Table 1 shows the optimisation for the reaction outlined in Scheme 1. A number of observations are noteworthy. Firstly, water is essential for the success of the reaction. Secondly, it was noted that the pH of the solution slowly rises as the reaction proceeds, and as such, the formation of the undesired hydroxy addition product accelerates. Lowering the pH from the outset, therefore, minimises this undesired side-reaction. Finally, as demonstrated in entry 7, oxygen is required for the reaction to proceed however entry 8 demonstrates that there is no advantage to performing the reaction in an oxygen atmosphere. In fact, such an approach is actually detrimental and almost completely attenuates the reaction with only traces of products detected and the almost quantitative recovery of starting material. This gave us the first inclination that oxygen may be required only in sub-stoichiometric quantities for the putative radical reaction that ensues.

Having established a robust set of conditions that resulted in high yields of the desired product 1, we were then keen to establish the scope of the reaction with a more diverse set of alkyl halides and acceptors. The results are outlined in Table 2.

Table 2 Exploring the reaction scope

image file: d0sc01694b-u2.tif

Entry Halide Acceptor Product Yielda, %
a Isolated yield. b 3.0 equivalents of iodide employed. c Unoptimized.
1 image file: d0sc01694b-u3.tif image file: d0sc01694b-u4.tif image file: d0sc01694b-u5.tif 100
2 image file: d0sc01694b-u6.tif image file: d0sc01694b-u7.tif image file: d0sc01694b-u8.tif 82
3 image file: d0sc01694b-u9.tif image file: d0sc01694b-u10.tif image file: d0sc01694b-u11.tif 60
4 image file: d0sc01694b-u12.tif image file: d0sc01694b-u13.tif image file: d0sc01694b-u14.tif 95b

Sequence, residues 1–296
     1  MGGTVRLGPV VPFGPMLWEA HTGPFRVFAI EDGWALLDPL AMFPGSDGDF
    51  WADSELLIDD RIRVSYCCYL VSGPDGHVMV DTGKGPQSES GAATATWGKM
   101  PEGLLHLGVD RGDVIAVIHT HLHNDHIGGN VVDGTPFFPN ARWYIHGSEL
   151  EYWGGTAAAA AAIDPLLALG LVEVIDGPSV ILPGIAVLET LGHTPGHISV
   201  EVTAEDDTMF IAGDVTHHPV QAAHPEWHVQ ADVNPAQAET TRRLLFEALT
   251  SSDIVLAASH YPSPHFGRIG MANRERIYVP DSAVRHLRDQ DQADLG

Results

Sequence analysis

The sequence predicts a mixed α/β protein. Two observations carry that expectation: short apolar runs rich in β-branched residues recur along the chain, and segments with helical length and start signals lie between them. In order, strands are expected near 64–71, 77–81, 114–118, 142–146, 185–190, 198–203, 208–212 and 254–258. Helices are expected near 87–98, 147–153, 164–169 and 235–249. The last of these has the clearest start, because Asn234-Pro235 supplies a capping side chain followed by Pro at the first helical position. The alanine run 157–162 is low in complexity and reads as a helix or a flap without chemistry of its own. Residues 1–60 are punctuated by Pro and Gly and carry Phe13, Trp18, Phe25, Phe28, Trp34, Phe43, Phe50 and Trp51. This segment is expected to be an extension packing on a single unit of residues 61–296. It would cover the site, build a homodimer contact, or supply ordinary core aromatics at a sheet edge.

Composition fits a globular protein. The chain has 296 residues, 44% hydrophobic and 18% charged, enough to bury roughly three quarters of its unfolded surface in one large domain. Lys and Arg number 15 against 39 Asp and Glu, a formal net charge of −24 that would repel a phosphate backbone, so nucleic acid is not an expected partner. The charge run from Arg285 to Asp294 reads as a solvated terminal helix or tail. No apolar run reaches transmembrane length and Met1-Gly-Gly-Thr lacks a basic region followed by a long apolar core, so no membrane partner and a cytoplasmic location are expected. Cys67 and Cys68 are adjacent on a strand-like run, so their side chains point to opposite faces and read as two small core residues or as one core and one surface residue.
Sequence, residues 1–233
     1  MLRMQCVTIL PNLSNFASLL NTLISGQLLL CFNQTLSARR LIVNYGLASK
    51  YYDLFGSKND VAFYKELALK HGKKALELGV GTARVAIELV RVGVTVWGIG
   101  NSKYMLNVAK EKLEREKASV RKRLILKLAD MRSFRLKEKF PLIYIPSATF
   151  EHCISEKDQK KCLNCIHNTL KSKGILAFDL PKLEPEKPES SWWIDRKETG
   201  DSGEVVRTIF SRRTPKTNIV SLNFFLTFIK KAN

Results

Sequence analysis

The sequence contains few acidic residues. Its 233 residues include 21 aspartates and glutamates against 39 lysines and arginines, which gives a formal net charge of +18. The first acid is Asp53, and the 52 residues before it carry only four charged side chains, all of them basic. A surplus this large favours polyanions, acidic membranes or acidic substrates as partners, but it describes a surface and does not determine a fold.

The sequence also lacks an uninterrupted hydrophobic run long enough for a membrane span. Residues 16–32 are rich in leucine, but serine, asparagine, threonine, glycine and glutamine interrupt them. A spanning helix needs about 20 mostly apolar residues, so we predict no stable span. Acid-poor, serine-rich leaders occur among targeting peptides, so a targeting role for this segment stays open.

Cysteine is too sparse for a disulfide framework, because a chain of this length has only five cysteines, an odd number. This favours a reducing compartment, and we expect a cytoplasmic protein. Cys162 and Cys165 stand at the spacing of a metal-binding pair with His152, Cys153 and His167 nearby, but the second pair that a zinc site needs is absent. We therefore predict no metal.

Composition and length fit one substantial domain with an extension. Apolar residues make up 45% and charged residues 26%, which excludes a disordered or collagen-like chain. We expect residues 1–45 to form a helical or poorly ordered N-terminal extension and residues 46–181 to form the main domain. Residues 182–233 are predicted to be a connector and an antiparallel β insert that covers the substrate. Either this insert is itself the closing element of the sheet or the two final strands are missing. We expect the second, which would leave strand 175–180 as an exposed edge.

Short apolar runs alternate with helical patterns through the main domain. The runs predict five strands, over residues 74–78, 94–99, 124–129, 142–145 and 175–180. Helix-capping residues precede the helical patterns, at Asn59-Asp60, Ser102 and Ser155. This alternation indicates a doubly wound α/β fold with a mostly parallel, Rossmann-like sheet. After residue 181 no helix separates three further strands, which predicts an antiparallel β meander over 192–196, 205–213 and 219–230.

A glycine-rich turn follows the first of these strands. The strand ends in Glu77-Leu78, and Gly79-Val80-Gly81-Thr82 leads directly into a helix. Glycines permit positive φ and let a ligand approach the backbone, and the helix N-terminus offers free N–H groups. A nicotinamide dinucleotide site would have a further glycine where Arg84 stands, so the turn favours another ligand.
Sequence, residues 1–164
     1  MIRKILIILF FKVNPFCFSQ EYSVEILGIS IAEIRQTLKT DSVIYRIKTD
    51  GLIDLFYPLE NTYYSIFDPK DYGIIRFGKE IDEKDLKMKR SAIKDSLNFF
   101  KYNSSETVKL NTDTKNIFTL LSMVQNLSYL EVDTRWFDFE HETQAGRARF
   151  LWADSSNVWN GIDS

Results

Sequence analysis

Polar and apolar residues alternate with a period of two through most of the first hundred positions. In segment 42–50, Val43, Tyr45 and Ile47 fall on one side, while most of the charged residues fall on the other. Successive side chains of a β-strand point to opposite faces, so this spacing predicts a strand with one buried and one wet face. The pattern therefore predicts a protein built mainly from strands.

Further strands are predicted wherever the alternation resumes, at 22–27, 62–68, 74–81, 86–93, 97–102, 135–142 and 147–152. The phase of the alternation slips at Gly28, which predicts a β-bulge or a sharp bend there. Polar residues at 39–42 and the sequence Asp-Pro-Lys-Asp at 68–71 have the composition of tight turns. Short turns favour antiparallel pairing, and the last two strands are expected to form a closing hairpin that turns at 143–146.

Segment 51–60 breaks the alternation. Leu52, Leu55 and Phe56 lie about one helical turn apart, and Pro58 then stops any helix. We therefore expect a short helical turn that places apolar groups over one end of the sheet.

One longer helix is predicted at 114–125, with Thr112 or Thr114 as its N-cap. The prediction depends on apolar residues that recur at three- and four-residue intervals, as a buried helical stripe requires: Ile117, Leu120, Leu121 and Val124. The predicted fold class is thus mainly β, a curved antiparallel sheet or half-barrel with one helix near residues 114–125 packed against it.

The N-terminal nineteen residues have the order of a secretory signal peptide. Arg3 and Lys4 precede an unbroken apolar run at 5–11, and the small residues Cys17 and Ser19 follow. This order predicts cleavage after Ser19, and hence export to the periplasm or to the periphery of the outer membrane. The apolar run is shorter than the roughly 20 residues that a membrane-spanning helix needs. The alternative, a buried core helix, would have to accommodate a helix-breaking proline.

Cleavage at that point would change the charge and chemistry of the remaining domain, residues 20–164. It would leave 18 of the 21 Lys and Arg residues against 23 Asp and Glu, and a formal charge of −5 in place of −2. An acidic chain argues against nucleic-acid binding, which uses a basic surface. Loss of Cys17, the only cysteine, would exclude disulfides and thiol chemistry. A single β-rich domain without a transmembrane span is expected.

5 image file: d0sc01694b-u15.tif image file: d0sc01694b-u16.tif image file: d0sc01694b-u17.tif 98
6 image file: d0sc01694b-u18.tif image file: d0sc01694b-u19.tif image file: d0sc01694b-u20.tif 21c
7 image file: d0sc01694b-u21.tif image file: d0sc01694b-u22.tif image file: d0sc01694b-u23.tif 90
8 image file: d0sc01694b-u24.tif image file: d0sc01694b-u25.tif image file: d0sc01694b-u26.tif 98
9 image file: d0sc01694b-u27.tif image file: d0sc01694b-u28.tif image file: d0sc01694b-u29.tif 96
10 image file: d0sc01694b-u30.tif image file: d0sc01694b-u31.tif image file: d0sc01694b-u32.tif 98
11 image file: d0sc01694b-u33.tif image file: d0sc01694b-u34.tif image file: d0sc01694b-u35.tif 95
12 image file: d0sc01694b-u36.tif image file: d0sc01694b-u37.tif image file: d0sc01694b-u38.tif 99


It is noteworthy that, in terms of the amount of the alkyl iodide employed, the efficiency of the reactions outlined in Table 2 is generally higher than with other radical chain carriers such as tributyltin hydride where, in order to circumvent competing reduction by Bu3SnH, multiple equivalents of the alkyl halide are typically employed. Tertiary iodides are also applicable (e.g. entry 3) however the high reactivity and poor solubility of accessible tertiary-iodides prevented a more diverse screen at this point. Surprisingly, even some alkyl bromides proved reasonably effective (entry 6) although admittedly, this is far from optimised. Table 2 demonstrates that a wide range of alkyl iodides could be coupled with various electron-deficient acceptors in generally excellent yields. We were also encouraged by entry 10 where an amide with a free N–H can be employed in excellent yields. The conditions employed are more amenable to our future ambitions to manipulate biological molecules than classical tin-mediated radical methods and illustrate a further advantage of the mild electrochemical technique.